Mitchison was also present and supporting a Stop the Seventy Tour rally, aiming to stop the apartheid South African rugby and cricket tours of Britain, in December 1969.[30]

Later lifeEdit

 
Statue of Naomi Mitchison, located in South Gyle, Edinburgh

Dick predeceased her in 1970, but Naomi remained active as a writer well into her nineties.[31] She was appointed CBE (Commander of the Order of the British Empire) in 1981. In her old age she was constantly anxious and depressed about the future, particularly the misuse of scientific development such as nuclear armaments. She claimed that an experience of two world wars in one's lifetime was too much. On the other side, she never ran out of the Haldanes' eccentricity, and once remarked that her biography in Who's Who was "burning rubbish".[10]

Inquired on her 90th birthday of her having any regret in life, she replied, "Yes, all the men I never slept with. Imagine!"[12]

She died at Carradale on 11 January 1999 at the age of 101. She was cremated at the Clydebank crematorium on 16 January. The ashes were scattered at Carradale on the following [32]

Honours and recognitionsEdit

Published worksEdit

AutobiographyEdit

Mitchison's autobiography is in three parts:

  • Small Talk: Memoirs of an Edwardian Childhood (1973; reprinted, with an introductory essay by Ali Smith, Kennedy & Boyd, 2009)
  • All Change Here: Girlhood and Marriage (1975) [Small Talk and All Change Here were republished as a single volume As It Was: An Autobiography 1897–1918 in 1975][37]
  • You May Well Ask: A Memoir 1920-1940. London: Fontana Paperbacks. 1986 [1979]. ISBN 978-0-00654-193-6.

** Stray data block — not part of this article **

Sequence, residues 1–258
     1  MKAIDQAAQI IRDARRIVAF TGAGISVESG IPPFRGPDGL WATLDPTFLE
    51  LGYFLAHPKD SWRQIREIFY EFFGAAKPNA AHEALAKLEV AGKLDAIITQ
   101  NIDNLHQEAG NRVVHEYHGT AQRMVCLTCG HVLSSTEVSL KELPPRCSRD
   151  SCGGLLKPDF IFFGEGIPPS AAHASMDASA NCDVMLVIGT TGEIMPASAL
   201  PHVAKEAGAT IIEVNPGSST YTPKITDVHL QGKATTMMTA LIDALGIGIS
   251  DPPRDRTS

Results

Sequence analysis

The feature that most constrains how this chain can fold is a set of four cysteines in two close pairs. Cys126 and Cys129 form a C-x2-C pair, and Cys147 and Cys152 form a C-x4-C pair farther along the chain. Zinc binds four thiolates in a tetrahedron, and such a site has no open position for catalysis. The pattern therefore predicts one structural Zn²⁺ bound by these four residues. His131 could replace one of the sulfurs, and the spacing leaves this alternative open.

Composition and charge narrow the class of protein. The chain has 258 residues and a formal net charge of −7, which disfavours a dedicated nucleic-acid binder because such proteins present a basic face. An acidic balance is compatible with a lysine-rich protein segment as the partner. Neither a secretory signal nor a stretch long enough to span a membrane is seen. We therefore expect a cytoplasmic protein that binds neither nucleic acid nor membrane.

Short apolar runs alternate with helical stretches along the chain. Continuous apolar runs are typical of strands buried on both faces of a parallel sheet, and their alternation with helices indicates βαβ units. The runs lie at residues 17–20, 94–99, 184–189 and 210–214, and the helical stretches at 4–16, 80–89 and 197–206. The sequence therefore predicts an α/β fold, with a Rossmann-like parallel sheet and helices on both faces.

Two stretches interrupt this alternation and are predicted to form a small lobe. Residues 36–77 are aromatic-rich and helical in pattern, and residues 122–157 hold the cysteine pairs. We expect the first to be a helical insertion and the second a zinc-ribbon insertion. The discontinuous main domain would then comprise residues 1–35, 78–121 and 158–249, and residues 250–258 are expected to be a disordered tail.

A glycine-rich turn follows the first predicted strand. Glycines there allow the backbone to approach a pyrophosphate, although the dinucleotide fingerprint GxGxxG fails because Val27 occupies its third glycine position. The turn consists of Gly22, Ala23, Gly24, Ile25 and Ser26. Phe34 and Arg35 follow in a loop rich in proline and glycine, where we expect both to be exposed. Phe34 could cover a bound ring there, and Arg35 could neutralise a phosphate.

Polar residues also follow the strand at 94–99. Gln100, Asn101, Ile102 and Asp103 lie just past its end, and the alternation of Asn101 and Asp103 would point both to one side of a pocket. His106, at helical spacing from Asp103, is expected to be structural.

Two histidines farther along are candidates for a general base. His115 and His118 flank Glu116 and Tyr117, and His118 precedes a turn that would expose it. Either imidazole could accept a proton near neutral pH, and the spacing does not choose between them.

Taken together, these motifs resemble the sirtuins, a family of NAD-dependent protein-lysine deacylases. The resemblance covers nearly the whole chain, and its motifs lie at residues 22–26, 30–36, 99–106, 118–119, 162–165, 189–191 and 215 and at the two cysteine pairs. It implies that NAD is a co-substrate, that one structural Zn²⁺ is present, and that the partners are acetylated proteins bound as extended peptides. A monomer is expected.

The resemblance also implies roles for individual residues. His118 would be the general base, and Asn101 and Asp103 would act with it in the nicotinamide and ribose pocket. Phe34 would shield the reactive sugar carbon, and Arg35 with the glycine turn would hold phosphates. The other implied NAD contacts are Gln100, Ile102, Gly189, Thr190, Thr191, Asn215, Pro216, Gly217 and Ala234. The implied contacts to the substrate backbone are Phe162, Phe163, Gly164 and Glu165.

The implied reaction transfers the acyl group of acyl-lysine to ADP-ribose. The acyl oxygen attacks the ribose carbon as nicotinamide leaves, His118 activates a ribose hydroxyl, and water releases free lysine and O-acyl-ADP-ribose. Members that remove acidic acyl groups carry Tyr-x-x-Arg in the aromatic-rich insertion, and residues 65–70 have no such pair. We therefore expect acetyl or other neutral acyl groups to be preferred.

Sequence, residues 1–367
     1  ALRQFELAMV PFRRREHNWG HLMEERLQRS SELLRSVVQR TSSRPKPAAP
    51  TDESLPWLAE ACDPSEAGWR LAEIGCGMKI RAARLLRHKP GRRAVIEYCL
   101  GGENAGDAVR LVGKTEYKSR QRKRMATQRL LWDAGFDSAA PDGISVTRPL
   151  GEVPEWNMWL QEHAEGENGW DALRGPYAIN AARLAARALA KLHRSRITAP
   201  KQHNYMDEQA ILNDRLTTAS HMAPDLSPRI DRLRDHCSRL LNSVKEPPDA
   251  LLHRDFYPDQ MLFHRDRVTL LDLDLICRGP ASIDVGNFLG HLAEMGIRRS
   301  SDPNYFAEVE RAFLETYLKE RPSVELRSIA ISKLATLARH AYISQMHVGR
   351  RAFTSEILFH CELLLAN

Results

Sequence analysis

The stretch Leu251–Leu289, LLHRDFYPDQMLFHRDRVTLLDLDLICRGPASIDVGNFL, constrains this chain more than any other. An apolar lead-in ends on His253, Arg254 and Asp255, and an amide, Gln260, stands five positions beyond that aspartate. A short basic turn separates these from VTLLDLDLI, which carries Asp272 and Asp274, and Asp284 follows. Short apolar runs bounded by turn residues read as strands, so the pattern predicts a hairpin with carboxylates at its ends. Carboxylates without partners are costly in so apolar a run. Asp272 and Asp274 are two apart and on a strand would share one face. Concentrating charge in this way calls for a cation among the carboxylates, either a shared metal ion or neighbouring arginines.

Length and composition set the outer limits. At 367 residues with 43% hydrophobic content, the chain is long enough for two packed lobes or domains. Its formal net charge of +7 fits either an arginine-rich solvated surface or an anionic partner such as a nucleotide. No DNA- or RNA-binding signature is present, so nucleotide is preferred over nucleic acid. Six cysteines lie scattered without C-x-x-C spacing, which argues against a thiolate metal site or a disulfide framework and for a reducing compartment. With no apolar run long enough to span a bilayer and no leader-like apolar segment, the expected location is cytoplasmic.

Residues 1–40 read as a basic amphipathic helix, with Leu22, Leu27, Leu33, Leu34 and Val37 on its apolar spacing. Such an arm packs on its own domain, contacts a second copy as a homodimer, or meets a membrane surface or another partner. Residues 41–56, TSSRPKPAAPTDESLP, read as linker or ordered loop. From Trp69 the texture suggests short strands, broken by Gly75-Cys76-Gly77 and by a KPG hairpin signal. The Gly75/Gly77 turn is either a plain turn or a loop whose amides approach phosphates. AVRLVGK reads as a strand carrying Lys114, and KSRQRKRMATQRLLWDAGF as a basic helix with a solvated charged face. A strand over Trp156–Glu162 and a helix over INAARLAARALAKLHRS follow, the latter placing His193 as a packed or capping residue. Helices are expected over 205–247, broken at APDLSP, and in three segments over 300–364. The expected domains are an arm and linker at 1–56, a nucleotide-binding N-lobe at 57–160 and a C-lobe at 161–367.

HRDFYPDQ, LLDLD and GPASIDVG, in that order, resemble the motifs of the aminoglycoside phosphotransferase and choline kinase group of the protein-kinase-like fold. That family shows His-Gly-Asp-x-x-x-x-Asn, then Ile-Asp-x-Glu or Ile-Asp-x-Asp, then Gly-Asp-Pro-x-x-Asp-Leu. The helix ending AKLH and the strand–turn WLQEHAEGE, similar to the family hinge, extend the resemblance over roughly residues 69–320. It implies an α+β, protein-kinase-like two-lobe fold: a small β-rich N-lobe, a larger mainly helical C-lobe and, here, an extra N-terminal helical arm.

• Mucking Around (1981)[10]
  • Among You Taking Notes. The Wartime Diary of Naomi Mitchison (1986) (Autobiographical sketches from Mitchison's diaries during the Second World War, written for "Mass Observation", selected and edited by Dorothy Sheridan.)[10][38]

NovelsEdit

  • The Conquered (1923; reprinted, with an introduction by Isobel Murray, Kennedy & Boyd, 2009)
  • Cloud Cuckoo Land (1925; reprinted, with an introduction by Isobel Murray, Kennedy & Boyd, 2011)
  • Anna Comnena (1928; reprinted, with an introduction by Isobel Murray, Kennedy & Boyd, 2009)
  • The Hostages (1930)
  • The Corn King and the Spring Queen (1931)
  • Boys and Girls and Gods (1931)
  • The Price of Freedom (1931)
  • Powers of Light (1932)
  • The Delicate Fire (1933; reprinted, with an introduction by Isobel Murray, Kennedy & Boyd, 2012)
  • Beyond this Limit (1935; 'Pictures by Wyndham Lewis and Words by Naomi Mitchison')
  • We Have Been Warned (1935; reprinted, with an introduction by Isobel Murray, Kennedy & Boyd, 2012)
  • The Blood of the Martyrs (1939; reprinted in 1989)
  • The Bull Calves (1947; reprinted, with an introduction by Isobel Murray, Kennedy & Boyd, 2013)
  • The Big House (1950; reprinted, with an introduction by Moira Burgess, Kennedy & Boyd, 2010)
  • Travel Light (Faber and Faber, 1952; Virago Press, 1985; Penguin Books, 1987; Small Beer Press, 2005; reprinted in the UK with The Varangs' Saga, and an introduction by Isobel Murray, Kennedy & Boyd, 2009)
  • Graeme and the Dragon (1954
  • The Land the Ravens Found (1955)
  • To the Chapel Perilous (1955)
  • Little Boxes (1956)
  • Behold Your King (1957; reprinted, with an introduction by Moira Burgess, Kennedy & Boyd, 2009)
  • The Young Alexander the Great (1960)
  • Memoirs of a Spacewoman (1962; reprinted, with an introduction by Isobel Murray, Kennedy & Boyd, 2011)
  • The Fairy who Couldn't Tell a Lie (1963)
  • Ketse and the Chief (1965)
  • When We Become Men (1965; reprinted, with an introduction by Isobel Murray, Kennedy & Boyd, 2009)
  • Friends and Enemies (1966)
  • Big Surprise (1967)
  • Family at Ditlabeng (1969)
  • Don't Look Back (1969)
  • Far Harbour (1969)
  • Sun and Moon (1970)
  • Cleopatra's People (1972; reprinted, with an introduction by Isobel Murray, Kennedy & Boyd, 2010)
  • Sunrise Tomorrow: A Story of Botswana (1973)
  • Danish Teapot (1973)
  • Solution Three. Feminist Press at CUNY. 1995. ISBN 978-1-55861-096-5. (with Susan Merrill Squier);[39]
  • Snake! (1976)
  • Two Magicians (with Dick Mitchison, 1979)
  • The Vegetable War (1980)
  • Not by Bread Alone (1983)
  • Early in Orcadia (1987)
  • Images of Africa (1987)
  • As It Was (1988)
  • The Oath-takers (1991)
  • Sea-green Ribbons (1991)
  • The Dark Twin (with Marion Campbell, 1998)